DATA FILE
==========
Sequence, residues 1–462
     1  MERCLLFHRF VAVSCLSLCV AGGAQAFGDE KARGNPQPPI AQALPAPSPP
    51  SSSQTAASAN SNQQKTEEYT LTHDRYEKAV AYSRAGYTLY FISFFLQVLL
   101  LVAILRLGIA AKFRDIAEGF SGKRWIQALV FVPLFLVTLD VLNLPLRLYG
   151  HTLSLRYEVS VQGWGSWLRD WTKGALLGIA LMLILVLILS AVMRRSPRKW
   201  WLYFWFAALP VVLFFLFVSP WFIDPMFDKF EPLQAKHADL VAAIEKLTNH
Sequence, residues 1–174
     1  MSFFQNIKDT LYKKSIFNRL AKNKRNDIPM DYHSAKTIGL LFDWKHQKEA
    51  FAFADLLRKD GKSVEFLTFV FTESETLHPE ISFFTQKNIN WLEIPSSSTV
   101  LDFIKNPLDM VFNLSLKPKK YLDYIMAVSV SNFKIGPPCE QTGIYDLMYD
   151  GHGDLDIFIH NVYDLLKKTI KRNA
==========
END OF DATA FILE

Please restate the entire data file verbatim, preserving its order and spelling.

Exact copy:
Sequence, residues 1–462
     1  MERCLLFHRF VAVSCLSLCV AGGAQAFGDE KARGNPQPPI AQALPAPSPP
    51  SSSQTAASAN SNQQKTEEYT LTHDRYEKAV AYSRAGYTLY FISFFLQVLL
   101  LVAILRLGIA AKFRDIAEGF SGKRWIQALV FVPLFLVTLD VLNLPLRLYG
   151  HTLSLRYEVS VQGWGSWLRD WTKGALLGIA LMLILVLILS AVMRRSPRKW
   201  WLYFWFAALP VVLFFLFVSP WFIDPMFDKF EPLQAKHADL VAAIEKLTNH
Sequence, residues 1–174
     1  MSFFQNIKDT LYKKSIFNRL AKNKRNDIPM DYHSAKTIGL LFDWKHQKEA
    51  FAFADLLRKD GKSVEFLTFV FTESETLHPE ISFFTQKNIN WLEIPSSSTV
   101  LDFIKNPLDM VFNLSLKPKK YLDYIMAVSV SNFKIGPPCE QTGIYDLMYD
   151  GHGDLDIFIH NVYDLLKKTI KRNA